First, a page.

Add Some Growl To Any Instrument In Your Mix

You know what I’m talking about. That balls-to-the-wall rumble that slaps you in the face and holds your attention. So many of us go for it on our rhythm guitars and bass every chance we get, but did you know you can get that same depth on any instrument in your mix with surprisingly little effort?

When to Use This Trick

Perhaps the best part of this approach is the ability to dial it in or use it in parallel. You don’t need the growl to be featured at the front of the mix for it to catch your listener’s ear. We play around with the settings, find something that hooks us, and blend it up and into the mix.

At the same time, your mix might dictate the need for something to jump right out front. If that’s the case, this simple trick will allow you to push the aggression above and beyond traditional limits of compressors and limiters. When you push either too far, they can squawk and bark.

This approach has enough headroom to amplify your sound without choking.

Electrifying Results 

Have you picked up on where I’m going with this yet? It’s not just a simple solution to beef up your bass. It’s not the same old trick that makes your snare pop out of the mix. The universal trick is using the unsung hero of the 21st century of audio: virtual amps.

Using tools like Toneforge Guilty Pleasure give us flexibilities that engineers and producers used to be terrified of trying for fear of breaking their equipment. Nobody wanted to run a percussive element like drums through their amp for fear of blowing out a speaker. But in the virtual realm of audio, we aren’t limited by their problems.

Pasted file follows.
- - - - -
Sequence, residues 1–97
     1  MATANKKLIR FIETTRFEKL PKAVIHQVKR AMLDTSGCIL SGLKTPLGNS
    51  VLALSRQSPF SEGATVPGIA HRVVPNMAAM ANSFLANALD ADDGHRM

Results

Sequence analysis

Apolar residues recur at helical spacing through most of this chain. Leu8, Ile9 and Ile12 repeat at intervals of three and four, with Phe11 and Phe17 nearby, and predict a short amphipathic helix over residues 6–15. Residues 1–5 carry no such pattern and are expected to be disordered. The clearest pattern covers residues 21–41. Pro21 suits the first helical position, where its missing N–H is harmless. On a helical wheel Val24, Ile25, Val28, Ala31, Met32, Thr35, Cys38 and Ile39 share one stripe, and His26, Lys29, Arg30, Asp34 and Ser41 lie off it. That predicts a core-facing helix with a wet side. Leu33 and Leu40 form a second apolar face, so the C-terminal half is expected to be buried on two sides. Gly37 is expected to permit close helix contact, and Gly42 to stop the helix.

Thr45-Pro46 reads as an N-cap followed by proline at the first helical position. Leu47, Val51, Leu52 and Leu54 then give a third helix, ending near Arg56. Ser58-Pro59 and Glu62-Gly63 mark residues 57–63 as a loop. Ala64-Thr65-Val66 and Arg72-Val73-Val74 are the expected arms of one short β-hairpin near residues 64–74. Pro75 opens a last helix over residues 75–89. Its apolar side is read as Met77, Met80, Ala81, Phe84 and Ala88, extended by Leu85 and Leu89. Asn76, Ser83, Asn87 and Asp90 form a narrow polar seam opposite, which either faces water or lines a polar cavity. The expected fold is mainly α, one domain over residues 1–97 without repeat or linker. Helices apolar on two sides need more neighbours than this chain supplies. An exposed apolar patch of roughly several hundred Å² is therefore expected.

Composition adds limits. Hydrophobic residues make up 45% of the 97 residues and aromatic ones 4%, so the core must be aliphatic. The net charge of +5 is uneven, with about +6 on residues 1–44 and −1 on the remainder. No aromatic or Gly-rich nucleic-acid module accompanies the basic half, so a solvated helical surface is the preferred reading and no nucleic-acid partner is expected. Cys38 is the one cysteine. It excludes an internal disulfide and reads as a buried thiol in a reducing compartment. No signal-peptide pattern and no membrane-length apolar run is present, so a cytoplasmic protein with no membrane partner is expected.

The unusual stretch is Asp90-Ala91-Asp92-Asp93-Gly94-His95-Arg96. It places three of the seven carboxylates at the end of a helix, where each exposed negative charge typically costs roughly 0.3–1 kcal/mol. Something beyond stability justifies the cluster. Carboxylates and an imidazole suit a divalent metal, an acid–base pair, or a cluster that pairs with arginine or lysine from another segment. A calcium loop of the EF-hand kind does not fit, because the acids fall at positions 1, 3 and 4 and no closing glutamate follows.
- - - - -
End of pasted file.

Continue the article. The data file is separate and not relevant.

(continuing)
Instead, we can send anything we want through an amplifier. Drums, vocals, banjos – it’s your call.

And the results can be astonishing. Think of everything you could add that high-gain saturation to. Think of all the mixes that could’ve ended up drastically different if only you had a way to push pieces of your mix just a bit farther.

I’ve been using amp sims and virtual rigs for as long as I’ve been an engineer, and I spent way too much of my career thinking that amps were for guitar and bass only. Don’t make the same mistake.

Getting Weird 

A good, aggressive tone won’t take much: a bit of gain, mid-level presence, and some EQ are all you really need. Once you’ve got your sound, double check your output – things get loud fast. If the aggression isn’t enough, most virtual rigs have a plethora of pedals and effects ready to go (just one more thing to break if we were trying to do this with physical equipment). Get weird & experiment with your sound. You might just stumble upon something new and unique.

What Will You Crank Up?

If you’re ready to get started with a whole new range of tonal options, all you need is a computer with a virtual rig to do it.

Know what you’re going to try first? Come share it with us over in the Joey Sturgis Tones Forum on Facebook, and let’s see what you’ve got.